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OERs and DIYU

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Though directed toward an examination of open educational resources and the DIY university, this talk ends up being an overview of a large swath of my own educational philosophy, as drawn from the ...

Though directed toward an examination of open educational resources and the DIY university, this talk ends up being an overview of a large swath of my own educational philosophy, as drawn from the statement that is posted on my home page. Audio (great sound) and slides are available. There is also a recording of the Breeze session available. Presentation page: http://www.downes.ca/presentation/243

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    OERs and DIYU OERs and DIYU Presentation Transcript

    • OERs and DIYU Stephen Downes April 8, 2010
    • Why OERs
      • Let me begin with the quote...
      • I want and visualize and aspire toward a system of society and learning where each person is able to rise to his or her fullest potential without social or financial encumbrance, where they may express themselves fully and without reservation through art, writing, athletics, invention, or even through their avocations or lifestyle. Where they are able to form networks of meaningful and rewarding relationships with their peers, with people who share the same interests or hobbies, the same political or religious affiliations - or different interests or affiliations, as the case may be. This to me is a society where knowledge and learning are public goods, freely created and shared, not hoarded or withheld in order to extract wealth or influence. This is what I aspire toward, this is what I work toward.
    • What does that mean?
      • I want and visualize and aspire toward a system of society and learning
        • Yes, this is a vision statement, but it’s a personal vision statement – part of my own program for learning - http://halfanhour.blogspot.com/2006/08/things-you-really-need-to-learn.html
        • Society and learning are not separate (though we do it that way today) – each intimately involves the other
      • where each person is able to rise to his or her fullest potential
        • The Greeks called it ἀρετή (arete) - http://en.wikipedia.org/wiki/Arete
        • Each individual has his or her (or its!) own individual virtue
        • The idea is that we each achieve our own sort of excellence, not someone else’s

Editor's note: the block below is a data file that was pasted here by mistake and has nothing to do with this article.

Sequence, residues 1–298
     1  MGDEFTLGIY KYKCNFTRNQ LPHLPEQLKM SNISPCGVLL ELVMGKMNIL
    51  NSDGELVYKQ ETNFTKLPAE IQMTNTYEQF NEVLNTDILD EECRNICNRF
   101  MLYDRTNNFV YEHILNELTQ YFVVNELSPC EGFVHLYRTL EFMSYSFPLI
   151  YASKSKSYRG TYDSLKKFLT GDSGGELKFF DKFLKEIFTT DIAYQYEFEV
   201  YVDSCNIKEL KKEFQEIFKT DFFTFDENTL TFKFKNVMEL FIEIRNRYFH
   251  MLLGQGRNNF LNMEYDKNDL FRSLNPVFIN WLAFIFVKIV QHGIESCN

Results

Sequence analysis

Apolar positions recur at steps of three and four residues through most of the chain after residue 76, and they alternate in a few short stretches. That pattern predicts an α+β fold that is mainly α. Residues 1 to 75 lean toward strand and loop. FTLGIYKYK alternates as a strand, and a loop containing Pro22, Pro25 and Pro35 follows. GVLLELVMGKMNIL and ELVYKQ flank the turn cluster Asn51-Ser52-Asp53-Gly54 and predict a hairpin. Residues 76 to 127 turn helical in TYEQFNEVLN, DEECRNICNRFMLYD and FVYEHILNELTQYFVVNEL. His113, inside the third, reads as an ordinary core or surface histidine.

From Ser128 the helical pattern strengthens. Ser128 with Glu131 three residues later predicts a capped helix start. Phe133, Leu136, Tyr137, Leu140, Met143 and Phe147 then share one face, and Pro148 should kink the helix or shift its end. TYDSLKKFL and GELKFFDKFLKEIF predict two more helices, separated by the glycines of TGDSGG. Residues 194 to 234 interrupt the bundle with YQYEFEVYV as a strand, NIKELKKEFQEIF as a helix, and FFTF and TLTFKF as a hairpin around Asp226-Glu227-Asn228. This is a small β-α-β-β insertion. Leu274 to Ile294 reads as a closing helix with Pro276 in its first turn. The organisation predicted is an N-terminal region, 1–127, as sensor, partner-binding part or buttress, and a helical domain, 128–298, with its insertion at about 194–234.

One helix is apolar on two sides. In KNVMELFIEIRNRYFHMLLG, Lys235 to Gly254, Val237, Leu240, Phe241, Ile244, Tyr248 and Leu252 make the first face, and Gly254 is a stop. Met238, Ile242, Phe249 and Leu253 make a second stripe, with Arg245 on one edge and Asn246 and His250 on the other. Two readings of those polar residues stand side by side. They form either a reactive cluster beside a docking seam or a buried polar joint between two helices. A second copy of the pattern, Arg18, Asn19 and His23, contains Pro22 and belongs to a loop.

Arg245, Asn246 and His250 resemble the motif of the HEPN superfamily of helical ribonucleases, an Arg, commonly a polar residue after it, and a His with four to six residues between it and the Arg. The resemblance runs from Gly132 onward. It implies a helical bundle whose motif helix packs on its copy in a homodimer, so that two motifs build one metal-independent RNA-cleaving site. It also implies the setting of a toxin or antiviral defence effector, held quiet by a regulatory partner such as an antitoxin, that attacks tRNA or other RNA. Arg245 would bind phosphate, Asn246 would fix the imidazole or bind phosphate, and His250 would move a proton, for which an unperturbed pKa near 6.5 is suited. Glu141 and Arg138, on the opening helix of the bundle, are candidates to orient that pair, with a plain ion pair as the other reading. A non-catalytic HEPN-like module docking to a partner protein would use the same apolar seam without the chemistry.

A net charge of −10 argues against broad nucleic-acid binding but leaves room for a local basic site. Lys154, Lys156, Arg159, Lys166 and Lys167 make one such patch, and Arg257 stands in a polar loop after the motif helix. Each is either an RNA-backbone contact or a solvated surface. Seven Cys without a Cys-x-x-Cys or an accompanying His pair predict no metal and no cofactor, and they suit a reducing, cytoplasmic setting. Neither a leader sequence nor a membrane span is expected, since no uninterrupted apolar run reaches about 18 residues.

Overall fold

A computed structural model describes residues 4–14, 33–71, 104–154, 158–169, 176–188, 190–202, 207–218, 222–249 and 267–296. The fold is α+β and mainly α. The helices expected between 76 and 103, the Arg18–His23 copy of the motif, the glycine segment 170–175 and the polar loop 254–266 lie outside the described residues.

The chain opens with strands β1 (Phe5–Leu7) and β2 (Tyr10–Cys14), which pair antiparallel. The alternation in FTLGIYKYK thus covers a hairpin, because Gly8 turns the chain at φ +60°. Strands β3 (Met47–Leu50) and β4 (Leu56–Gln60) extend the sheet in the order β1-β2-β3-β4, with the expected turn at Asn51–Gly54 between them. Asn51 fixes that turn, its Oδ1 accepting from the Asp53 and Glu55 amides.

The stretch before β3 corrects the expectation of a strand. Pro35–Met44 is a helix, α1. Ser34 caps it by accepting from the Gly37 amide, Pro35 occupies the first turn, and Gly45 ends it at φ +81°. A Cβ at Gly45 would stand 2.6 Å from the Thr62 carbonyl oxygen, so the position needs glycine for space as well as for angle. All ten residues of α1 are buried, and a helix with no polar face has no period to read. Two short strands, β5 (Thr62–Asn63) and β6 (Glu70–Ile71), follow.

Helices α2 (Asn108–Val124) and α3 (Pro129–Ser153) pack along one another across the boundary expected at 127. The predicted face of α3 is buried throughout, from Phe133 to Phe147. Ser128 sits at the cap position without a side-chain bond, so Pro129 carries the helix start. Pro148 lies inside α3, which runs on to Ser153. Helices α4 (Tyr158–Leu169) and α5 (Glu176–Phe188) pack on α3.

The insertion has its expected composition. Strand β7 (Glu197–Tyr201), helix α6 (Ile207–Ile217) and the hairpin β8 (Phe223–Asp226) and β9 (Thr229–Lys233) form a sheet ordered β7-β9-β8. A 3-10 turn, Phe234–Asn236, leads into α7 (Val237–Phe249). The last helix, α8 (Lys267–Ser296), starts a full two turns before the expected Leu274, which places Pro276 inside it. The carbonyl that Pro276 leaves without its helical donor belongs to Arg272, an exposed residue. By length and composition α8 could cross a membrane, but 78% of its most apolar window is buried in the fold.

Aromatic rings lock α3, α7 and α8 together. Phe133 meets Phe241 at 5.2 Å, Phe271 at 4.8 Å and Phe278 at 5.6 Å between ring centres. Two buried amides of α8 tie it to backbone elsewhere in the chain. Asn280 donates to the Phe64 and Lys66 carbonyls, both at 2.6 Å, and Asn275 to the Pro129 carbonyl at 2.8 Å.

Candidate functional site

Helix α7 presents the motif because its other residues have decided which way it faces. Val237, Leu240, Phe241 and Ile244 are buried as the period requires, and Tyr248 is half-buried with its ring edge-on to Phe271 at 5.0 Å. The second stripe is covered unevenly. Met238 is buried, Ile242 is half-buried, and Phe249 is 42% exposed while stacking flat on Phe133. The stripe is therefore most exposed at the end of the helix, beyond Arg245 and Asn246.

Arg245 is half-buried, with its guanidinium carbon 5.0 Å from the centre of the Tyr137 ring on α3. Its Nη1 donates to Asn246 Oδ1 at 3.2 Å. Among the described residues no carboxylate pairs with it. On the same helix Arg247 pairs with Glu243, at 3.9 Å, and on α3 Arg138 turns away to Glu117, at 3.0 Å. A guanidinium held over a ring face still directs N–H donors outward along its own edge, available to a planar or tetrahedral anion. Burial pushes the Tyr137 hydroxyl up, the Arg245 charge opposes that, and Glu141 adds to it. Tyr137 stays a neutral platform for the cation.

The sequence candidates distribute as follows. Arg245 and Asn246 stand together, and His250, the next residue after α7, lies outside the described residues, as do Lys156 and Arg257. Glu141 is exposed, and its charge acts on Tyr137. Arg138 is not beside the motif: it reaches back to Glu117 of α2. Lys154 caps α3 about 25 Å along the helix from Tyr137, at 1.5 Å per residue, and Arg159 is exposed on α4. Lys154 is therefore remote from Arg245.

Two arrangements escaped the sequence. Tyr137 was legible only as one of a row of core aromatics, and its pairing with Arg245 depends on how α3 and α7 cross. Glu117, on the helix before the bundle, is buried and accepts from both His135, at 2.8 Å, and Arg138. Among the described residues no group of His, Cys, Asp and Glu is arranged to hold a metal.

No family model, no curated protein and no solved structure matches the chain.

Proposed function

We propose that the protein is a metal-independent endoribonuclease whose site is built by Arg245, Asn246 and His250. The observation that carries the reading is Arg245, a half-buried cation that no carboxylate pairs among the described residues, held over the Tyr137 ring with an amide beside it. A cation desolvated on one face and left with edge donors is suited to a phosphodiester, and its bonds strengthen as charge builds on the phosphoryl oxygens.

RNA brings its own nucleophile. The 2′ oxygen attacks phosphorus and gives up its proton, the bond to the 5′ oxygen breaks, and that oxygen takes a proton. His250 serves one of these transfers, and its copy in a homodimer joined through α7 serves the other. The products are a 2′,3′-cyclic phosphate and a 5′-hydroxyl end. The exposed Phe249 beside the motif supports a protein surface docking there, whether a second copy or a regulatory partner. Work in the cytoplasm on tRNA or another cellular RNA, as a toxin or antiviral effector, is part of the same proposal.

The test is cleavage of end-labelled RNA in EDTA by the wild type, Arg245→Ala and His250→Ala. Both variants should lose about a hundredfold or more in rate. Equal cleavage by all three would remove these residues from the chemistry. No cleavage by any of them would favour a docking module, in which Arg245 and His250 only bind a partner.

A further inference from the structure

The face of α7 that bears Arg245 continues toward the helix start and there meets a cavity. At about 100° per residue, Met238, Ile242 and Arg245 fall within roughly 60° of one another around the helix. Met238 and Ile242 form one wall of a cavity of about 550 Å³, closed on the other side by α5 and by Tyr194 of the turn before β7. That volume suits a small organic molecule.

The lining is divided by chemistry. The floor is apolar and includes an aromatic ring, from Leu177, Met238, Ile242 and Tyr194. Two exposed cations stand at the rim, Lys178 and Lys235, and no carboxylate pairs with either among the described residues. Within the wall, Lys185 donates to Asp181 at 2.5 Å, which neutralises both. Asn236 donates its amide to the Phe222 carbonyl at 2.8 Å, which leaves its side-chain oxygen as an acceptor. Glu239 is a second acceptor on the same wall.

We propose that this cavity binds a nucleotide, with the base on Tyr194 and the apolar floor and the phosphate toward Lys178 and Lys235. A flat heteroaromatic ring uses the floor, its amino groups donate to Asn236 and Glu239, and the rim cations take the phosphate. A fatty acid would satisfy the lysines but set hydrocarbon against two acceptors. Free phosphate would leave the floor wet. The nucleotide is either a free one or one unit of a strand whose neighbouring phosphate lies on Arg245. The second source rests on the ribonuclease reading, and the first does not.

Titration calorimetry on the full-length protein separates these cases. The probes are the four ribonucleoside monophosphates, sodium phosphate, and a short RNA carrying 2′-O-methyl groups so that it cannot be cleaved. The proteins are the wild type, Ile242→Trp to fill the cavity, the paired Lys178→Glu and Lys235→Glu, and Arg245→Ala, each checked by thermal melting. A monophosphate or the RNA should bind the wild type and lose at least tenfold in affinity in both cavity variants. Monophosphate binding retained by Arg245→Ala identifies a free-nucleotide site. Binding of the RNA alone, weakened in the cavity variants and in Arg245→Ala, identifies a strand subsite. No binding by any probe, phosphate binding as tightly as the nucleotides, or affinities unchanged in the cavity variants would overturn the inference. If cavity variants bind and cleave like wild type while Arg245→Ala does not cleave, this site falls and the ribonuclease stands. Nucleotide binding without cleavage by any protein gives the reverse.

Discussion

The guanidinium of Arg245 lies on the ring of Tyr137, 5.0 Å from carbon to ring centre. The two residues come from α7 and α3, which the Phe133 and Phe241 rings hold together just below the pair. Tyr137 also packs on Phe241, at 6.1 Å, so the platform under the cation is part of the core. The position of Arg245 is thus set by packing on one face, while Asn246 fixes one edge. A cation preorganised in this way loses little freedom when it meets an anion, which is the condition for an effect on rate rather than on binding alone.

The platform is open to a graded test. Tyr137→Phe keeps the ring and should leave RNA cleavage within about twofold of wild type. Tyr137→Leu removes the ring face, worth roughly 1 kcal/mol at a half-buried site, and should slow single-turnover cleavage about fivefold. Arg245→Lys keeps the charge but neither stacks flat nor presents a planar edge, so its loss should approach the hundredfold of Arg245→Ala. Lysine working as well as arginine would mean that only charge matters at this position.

• Compare that to the sort of vision expressed here – “the development of our greatest asset–the potential of our people” - http://www.downes.ca/post/52189
      • without social or financial encumberance
        • Education and social equity go hand in hand – poverty is the single greatest predictor of a failure to achieve (or to be healthy, or to turn to crime, etc. Etc.)
        • Poverty, though, is not the only barrier – there is a host of social pressures contrary to learning
          • Not the least of which are some of the pressures in our schools, which value conformity over achievement - http://www.torontosun.com/news/world/2010/04/07/13501391.html
      • where they may express themselves fully and without reservation
        • Notice the key role of expression – expression is central to arete
        • I seek more than mere freedom, I seek empowerment
        • Aside law, fear is a major constraint preventing people from expressing themselves
        • As is a lack of capacity, capability, ability – we learn to repeat , not to create
      • through art, writing, athletics, invention, or even through their avocations or lifestyle
        • There is not just one ‘language of thought’
        • Communication is not about describing or telling; it’s about showing or demonstrating
        • We induce ideas and expressions, rather bthan pass them on - http://halfanhour.blogspot.com/2010/04/personal-knowledge-transmission-or.html
        • Communication is multi-faceted (pragmatics, semantics, etc) - http://www.downes.ca/presentation/237
      • Where they are able to form networks of meaningful and rewarding relationships with their peers
        • The idea of networks, not groups (connections, not mass) http://www.downes.ca/presentation/53
        • The idea of exchanges of mutual value (not teacher-student, boss-employee) http://www.downes.ca/post/33383